PM says Pakistan’s stance on climate finance for developing countries acknowledged at COP28

Published December 3, 2023
Caretaker Prime Minister Anwaarul Haq Kakar speaks in an interview on Sunday. — DawnNewsTV
Caretaker Prime Minister Anwaarul Haq Kakar speaks in an interview on Sunday. — DawnNewsTV

Caretaker Prime Minister Anwaarul Haq Kakar on Sunday said Pakistan was a strong voice and a proactive advocate for climate finance for developing countries, adding that the same was acknowledged by the developed world in the United Nations’ 28th Conference of Parties (COP28).

The prime minister is currently in Dubai for COP28. In an interview with Sky News Arabia on the sidelines of the conference, PM Kakar said the formal launch of the loss and damage fund showed developed countries had accepted the argument the world must support countries that were not responsible for climate change.

He said Pakistan had advocated the loss and damage fund at last year’s conference to assist developing countries in facing climate challenges.

“Pakistan has always been advocating that the countries who have not contributed to the carbon emissions but remained one of the worst affected by climate disaster(s) must be compensated in terms of mitigation, climate adaptation and receiving climate finance to address all those challenges,” he said.

He said the operationalisation of the loss and damage fund was a “good start in the right direction”.

Initially, he said the funding should be utilised through multilateral organisations, such as the World Bank, to swiftly initiate the implementation process.

The fund, which remained a key demand of developing nations, was under discussion for nearly 30 years but calls for its immediate establishment gained momentum during the previous COP summit in Egypt. The unprecedented floods in Pakistan last year and the coincidental chairman-ship of the G77 group had allowed developing nations to lobby extensively for the fund.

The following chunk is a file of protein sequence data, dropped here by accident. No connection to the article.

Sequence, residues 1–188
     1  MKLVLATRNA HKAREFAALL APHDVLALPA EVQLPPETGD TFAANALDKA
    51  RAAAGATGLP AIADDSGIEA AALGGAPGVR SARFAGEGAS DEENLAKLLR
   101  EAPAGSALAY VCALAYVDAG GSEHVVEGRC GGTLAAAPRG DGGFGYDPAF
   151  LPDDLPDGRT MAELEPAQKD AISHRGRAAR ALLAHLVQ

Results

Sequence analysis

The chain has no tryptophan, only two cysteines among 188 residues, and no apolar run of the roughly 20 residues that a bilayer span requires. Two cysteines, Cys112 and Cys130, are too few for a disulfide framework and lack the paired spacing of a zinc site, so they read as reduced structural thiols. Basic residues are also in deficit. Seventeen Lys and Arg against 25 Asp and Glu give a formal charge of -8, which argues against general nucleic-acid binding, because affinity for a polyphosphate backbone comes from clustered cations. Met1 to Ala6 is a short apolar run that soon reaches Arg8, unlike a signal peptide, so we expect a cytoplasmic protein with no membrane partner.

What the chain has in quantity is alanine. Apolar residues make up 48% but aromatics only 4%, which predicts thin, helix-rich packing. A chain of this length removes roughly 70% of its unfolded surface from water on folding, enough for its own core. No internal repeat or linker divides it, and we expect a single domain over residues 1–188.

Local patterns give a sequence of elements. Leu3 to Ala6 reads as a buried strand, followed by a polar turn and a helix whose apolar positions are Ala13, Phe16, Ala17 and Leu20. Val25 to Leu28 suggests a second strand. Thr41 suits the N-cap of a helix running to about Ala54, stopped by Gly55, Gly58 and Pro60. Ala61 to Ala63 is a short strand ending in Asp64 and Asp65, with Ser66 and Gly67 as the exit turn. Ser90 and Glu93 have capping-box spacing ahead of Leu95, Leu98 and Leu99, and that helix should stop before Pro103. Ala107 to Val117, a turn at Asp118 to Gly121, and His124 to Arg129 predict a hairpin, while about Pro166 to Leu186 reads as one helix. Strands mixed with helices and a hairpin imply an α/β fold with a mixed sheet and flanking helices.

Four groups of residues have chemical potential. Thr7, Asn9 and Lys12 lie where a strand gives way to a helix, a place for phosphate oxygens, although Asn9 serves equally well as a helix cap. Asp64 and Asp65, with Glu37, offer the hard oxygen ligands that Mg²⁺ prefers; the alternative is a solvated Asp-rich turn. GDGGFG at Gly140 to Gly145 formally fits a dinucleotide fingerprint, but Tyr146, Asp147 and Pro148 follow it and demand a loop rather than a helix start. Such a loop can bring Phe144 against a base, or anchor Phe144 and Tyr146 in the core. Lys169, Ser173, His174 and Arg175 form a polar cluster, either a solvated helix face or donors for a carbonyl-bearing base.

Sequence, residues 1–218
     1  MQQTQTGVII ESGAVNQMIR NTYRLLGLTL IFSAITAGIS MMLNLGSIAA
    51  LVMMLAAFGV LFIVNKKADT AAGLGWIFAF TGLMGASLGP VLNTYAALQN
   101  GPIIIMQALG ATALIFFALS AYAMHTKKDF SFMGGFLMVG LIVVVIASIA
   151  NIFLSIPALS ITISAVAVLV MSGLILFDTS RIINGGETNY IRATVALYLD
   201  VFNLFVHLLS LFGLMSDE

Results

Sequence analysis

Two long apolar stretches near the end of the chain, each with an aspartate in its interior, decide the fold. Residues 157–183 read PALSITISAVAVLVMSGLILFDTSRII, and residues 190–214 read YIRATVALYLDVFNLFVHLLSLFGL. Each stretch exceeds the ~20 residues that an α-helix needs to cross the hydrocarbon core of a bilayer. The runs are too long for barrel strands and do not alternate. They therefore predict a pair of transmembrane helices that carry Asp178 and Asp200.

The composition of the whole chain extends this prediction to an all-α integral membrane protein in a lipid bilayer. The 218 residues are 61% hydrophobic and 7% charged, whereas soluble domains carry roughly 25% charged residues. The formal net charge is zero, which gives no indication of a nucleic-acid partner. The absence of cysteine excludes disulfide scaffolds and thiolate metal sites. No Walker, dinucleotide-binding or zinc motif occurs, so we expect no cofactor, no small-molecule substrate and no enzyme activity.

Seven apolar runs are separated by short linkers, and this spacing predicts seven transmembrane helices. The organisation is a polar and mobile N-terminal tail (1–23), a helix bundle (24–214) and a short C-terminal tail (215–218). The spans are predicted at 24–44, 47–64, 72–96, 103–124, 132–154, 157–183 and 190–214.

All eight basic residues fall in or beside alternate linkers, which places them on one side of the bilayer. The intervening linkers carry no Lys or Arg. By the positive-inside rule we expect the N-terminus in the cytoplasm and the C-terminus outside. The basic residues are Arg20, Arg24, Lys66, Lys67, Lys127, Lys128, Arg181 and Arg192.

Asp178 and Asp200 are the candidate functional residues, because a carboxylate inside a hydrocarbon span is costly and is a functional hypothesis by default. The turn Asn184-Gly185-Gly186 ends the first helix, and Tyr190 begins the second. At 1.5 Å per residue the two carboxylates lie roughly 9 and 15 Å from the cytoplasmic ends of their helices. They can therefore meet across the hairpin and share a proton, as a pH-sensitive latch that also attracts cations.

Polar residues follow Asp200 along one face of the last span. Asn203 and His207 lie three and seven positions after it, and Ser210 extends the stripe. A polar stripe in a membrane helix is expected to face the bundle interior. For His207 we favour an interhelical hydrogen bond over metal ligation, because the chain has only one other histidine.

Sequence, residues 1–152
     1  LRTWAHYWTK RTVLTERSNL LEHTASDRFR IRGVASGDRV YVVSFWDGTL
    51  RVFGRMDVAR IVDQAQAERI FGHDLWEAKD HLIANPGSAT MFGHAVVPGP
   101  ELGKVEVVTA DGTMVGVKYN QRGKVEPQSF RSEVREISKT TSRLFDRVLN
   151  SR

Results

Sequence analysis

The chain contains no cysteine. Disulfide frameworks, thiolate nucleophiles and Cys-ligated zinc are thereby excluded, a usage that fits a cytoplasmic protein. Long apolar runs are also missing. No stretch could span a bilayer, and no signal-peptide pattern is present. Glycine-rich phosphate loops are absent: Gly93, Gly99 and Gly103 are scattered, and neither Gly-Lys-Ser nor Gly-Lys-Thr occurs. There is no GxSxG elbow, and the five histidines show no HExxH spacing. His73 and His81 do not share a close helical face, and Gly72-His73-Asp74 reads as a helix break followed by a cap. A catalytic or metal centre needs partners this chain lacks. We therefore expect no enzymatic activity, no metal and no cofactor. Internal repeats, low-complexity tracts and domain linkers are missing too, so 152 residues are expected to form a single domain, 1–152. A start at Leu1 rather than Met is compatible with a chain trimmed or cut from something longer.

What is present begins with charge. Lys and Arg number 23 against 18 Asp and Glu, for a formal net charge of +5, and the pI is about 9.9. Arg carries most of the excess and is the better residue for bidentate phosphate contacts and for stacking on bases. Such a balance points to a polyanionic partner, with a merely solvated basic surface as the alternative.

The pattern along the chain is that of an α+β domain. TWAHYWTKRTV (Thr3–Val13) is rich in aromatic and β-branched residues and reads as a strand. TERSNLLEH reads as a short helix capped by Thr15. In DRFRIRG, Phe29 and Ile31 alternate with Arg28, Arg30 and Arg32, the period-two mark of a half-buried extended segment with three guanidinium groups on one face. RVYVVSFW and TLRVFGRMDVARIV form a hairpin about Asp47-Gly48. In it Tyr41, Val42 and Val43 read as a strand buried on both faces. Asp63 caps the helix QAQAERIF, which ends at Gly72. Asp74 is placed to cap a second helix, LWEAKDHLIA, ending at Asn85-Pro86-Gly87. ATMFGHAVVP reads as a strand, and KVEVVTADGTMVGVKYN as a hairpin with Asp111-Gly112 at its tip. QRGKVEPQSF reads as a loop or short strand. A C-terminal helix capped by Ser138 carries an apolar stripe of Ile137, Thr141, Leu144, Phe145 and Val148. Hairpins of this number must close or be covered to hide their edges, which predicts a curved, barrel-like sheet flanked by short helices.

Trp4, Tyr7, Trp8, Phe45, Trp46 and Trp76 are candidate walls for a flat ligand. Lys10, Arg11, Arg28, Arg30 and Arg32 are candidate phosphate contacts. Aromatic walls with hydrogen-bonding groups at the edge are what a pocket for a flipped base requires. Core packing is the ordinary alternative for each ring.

In establishing the fund on the first day of the two-week COP28 conference, delegates opened the door for governments to announce contributions.

And several did, kicking off a series of small pledges that countries hoped would build throughout the conference to a substantial sum, including $100 million from the hosting United Arab Emirates, at least $5m from Britain, $17.5m from the United States, and $10m from Japan.

Later, the European Union pledged $245.39m, which included $100m pledged by Germany.

Israeli atrocities in Gaza

The premier also talked about Israel’s bombardment of the besieged Gaza Strip in response to the October 7 attack by Hamas.

He said that Pakistan, along with Saudi Arabia and other countries, was at the forefront of the Organisation of Islamic Cooperation’s platform in demanding the immediate cessation of “senseless violence and aggression” against the Palestinians and the creation of a humanitarian corridor.

He said that sustainable peace in the region was only possible through a two-state solution of the Palestine issue according to the pre-1967 borders with east Jerusalem as its capital.

Th premier also highlighted that the Kashmir issue remained unresolved for the last seven decades.

“It is an integral part of Pakistan and it needs to be resolved according to the United Nations Security Council resolutions,” he said. He said Pakistan desired “peace and resolution” to the issue but these sentiments needed to be reciprocated by Indian authorities.

On the government’s ongoing deportation drive against unregistered immigrants, PM Kakar said Pakistan was cognisant of its obligations to refugees whom the country had hosted for the last 50 years.

“However, it is our national duty to rationalise and regulate the movement of more than a million undocumented and illegal aliens,” he added.

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